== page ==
Crazy Christian Creationists..
Posts Tagged ‘Evolution’
Posted by Mr DoctorE on November 25, 2013
Crazy Christian Creationists..
Posted by Mr DoctorE on November 20, 2013
Ohio’s Supreme Court upheld the firing of an eighth-grade science instructor who taught creationism instead of evolution to his students.
The court issued a 4-3 ruling Tuesday that agreed with an appeals court and the trial court that teacher John Freshwater had failed to comply with orders to remove religious materials from his classroom.
The court said that was enough to spur Freshwater’s dismissal, so it didn’t even need to rule on whether the teacher impermissibly imposed his religious views in the classroom.
“We recognize that this case is driven by a far more powerful debate over the teaching of creationism and intelligent design alongside evolution,” the court noted in its decision. “(But) here, we need not decide whether Freshwater acted with a permissible or impermissible intent because we hold that he was insubordinate, and his termination can be justified on that basis alone.”
Posted by Mr DoctorE on October 27, 2013
Edited Clips from: Real Time with Bill Maher, 10-25-2013,
Richard Dawkins, Al Sharpton, Michael Moore, Valerie Plame.
Posted by Mr DoctorE on October 16, 2013
On September 24th, Richard Dawkins’ new book, “An Appetite For Wonder: the Making of a Scientist” released worldwide.
Four days later in Washington DC, Dawkins sat down for a one-hour conversation with Seth Andrews to talk about a variety of subjects…including childhood, music, evolution, apologist “fleas,” Christopher Hitchens and the memoir itself.
Posted in All, Atheism, evolution, Religion, science | Tagged: Atheism, Atheist, Christopher Hitchens, Evolution, interview, Religion, Richard Dawkins, Seth Andrews, The thinking atheist | Leave a Comment »
Posted by Mr DoctorE on September 30, 2013
A religious group has filed suit against the Kansas Board of Education seeking to stop educators from adopting global warming and evolution into the state curriculum. The Christian organization said such lessons would violate parents’ religious freedom.
The non-profit group, known as Citizens for Objective Public Education (COPE), has attacked Kansas along with 25 other states and the National Research Council for implementing new standards which mandate that mainstream science be taught in classrooms. COPE is based in the small town of Peck, Kansas, to the south of Wichita.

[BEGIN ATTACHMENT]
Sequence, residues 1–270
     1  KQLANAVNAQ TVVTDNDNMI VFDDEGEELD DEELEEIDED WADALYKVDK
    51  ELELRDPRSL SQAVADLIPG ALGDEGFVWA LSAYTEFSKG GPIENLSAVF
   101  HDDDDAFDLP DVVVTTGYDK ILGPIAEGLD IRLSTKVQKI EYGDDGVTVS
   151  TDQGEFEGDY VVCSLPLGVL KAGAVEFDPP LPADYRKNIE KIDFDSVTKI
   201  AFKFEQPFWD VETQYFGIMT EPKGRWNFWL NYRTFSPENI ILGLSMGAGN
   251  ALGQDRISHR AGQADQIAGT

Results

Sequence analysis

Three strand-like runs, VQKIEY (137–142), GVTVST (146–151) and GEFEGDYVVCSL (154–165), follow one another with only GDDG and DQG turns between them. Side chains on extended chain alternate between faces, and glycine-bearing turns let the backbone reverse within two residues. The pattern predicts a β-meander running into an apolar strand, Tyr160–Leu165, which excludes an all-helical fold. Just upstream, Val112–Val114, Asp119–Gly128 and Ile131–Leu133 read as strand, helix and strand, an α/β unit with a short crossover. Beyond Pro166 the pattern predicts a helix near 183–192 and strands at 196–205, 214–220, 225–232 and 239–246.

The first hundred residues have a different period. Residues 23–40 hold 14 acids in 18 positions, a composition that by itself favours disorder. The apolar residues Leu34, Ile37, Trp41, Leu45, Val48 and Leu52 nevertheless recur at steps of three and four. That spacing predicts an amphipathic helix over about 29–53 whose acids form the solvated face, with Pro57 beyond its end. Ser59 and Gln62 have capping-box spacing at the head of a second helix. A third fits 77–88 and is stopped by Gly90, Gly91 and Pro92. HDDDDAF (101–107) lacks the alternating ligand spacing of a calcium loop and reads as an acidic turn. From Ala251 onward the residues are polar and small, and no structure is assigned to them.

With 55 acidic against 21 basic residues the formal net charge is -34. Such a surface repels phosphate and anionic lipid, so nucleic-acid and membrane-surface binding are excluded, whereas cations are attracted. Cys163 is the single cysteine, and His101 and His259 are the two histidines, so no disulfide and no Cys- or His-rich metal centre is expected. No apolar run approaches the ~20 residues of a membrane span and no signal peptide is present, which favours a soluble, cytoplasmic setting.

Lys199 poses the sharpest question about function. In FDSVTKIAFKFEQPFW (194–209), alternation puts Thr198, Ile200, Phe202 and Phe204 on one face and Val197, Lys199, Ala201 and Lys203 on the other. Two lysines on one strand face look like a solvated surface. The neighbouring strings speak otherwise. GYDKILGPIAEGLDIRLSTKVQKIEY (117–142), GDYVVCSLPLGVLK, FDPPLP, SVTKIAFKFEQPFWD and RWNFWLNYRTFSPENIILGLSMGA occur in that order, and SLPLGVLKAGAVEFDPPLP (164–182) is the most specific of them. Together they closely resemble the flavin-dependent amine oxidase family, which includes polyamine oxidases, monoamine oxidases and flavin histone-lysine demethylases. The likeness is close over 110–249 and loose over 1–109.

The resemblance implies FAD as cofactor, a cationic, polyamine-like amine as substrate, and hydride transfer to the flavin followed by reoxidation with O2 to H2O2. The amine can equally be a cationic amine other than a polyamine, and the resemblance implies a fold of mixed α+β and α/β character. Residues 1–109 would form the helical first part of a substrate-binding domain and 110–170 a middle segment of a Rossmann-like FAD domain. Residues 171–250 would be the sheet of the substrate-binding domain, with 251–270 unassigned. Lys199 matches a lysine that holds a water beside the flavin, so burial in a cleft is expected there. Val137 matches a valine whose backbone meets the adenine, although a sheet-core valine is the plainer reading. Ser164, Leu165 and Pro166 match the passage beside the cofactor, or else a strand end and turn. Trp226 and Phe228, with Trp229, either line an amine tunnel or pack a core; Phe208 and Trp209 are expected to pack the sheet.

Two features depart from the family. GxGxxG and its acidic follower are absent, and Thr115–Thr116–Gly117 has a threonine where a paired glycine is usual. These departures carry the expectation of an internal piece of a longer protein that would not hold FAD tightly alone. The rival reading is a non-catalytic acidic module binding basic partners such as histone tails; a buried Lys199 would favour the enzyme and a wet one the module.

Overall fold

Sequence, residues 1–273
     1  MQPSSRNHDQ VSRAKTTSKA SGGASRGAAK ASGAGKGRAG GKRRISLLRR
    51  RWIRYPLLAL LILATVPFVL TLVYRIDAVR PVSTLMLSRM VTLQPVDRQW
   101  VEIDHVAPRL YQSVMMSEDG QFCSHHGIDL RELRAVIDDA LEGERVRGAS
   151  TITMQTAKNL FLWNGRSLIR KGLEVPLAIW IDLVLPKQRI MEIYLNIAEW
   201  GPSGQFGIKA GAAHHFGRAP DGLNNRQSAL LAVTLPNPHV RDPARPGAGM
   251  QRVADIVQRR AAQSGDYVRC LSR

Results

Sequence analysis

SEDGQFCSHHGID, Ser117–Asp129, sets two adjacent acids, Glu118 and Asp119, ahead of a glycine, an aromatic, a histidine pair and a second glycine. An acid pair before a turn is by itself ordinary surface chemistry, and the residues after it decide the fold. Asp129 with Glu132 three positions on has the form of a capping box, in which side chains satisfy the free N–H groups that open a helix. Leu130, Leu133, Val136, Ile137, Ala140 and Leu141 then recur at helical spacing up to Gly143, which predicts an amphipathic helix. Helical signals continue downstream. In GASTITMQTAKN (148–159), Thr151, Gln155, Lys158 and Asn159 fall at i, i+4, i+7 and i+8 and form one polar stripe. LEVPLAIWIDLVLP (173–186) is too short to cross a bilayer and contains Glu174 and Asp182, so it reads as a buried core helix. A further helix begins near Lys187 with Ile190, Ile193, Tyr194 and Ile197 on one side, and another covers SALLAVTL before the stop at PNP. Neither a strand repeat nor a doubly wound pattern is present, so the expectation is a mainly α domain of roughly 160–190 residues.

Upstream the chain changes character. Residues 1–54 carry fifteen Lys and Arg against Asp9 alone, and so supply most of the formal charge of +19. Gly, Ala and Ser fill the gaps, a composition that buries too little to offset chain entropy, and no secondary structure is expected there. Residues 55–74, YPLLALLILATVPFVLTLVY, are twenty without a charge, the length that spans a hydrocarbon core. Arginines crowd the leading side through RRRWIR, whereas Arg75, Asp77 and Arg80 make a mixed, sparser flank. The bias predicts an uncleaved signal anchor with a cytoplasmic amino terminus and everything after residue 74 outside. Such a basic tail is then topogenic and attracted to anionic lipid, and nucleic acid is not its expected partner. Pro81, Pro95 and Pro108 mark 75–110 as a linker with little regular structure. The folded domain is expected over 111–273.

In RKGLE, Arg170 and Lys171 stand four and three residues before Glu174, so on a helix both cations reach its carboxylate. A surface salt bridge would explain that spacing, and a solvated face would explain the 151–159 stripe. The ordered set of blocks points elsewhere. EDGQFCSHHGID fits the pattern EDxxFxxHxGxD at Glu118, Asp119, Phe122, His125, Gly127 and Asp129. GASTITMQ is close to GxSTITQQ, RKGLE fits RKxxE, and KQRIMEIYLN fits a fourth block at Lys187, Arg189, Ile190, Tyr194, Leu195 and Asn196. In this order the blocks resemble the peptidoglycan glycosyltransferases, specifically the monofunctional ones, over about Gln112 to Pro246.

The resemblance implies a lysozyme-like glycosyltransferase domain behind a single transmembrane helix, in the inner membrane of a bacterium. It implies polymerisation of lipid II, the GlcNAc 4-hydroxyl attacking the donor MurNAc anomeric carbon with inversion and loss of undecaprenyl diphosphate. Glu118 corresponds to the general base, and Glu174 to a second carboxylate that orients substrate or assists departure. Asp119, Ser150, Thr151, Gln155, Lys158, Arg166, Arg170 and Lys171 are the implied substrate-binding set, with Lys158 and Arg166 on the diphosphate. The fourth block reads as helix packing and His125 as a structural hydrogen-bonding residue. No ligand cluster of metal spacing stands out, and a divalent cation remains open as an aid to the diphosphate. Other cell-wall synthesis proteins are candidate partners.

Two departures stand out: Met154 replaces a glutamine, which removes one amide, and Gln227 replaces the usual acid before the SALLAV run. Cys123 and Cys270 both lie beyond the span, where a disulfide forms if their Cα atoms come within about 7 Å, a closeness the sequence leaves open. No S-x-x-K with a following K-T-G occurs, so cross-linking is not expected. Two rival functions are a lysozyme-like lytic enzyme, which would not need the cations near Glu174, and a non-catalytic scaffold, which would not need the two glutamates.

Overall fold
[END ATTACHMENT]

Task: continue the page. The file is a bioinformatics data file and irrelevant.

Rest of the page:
Fifteen parents and their 18 children joined the suit, with one telling the Associated Press they are Christians who want their children to believe “life is a creation made for a purpose.” The Kansas state Department of Education and the state board are named in the suit.
“The state’s job is simply to say to students, ‘How life arises continues to be a scientific mystery and there are competing ideas about it,’” said John Calvert, a local attorney involved in the case.
The evolution vs. creationism controversy was rendered irrelevant by scientists and the court system decades ago but the debate rages on in the US between religious groups, primarily Christians, and school administrators trying to keep education modern.
Joshua Rosenau, programs and policy director for the California-based National Center for Science Education, told AP that Calvert, the attorney arguing against the school, has been making such arguments for years, although “no one in the legal community has put much stock in it.”
“They’re trying to say anything that’s not promoting their religion is promoting some other religion,” he said, going on to deem the discussion “silly.”
Posted by Mr DoctorE on September 30, 2013